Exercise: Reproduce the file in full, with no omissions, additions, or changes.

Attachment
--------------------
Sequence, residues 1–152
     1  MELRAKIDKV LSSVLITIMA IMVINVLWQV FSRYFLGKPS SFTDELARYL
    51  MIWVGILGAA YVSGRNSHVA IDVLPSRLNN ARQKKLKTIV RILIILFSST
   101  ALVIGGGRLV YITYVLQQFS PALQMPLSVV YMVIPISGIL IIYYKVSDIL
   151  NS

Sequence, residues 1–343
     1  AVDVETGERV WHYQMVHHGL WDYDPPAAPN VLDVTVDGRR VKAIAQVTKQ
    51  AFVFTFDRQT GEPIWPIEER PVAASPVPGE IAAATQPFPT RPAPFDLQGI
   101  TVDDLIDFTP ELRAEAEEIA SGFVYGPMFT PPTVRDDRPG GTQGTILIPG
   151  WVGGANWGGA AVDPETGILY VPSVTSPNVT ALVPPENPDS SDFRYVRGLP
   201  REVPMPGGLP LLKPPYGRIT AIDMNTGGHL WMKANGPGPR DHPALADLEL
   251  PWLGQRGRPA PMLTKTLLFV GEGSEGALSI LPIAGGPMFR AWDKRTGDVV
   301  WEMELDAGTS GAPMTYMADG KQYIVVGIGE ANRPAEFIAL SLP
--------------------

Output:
Sequence, residues 1–152
     1  MELRAKIDKV LSSVLITIMA IMVINVLWQV FSRYFLGKPS SFTDELARYL
    51  MIWVGILGAA YVSGRNSHVA IDVLPSRLNN ARQKKLKTIV RILIILFSST
   101  ALVIGGGRLV YITYVLQQFS PALQMPLSVV YMVIPISGIL IIYYKVSDIL
   151  NS

Sequence, residues 1–343
     1  AVDVETGERV WHYQMVHHGL WDYDPPAAPN VLDVTVDGRR VKAIAQVTKQ
    51  AFVFTFDRQT GEPIWPIEER PVAASPVPGE IAAATQPFPT RPAPFDLQGI
   101  TVDDLIDFTP ELRAEAEEIA SGFVYGPMFT PPTVRDDRPG GTQGTILIPG
   151  WVGGANWGGA AVDPETGILY VPSVTSPNVT ALVPPENPDS SDFRYVRGLP
   201  REVPMPGGLP LLKPPYGRIT AIDMNTGGHL WMKANGPGPR DHPALADLEL
   251  PWLGQRGRPA PMLTKTLLFV GEGSEGALSI LPIAGGPMFR AWDKRTGDVV
   301  WEMELDAGTS GAPMTYMADG KQYIVVGIGE ANRPAEFIAL SLP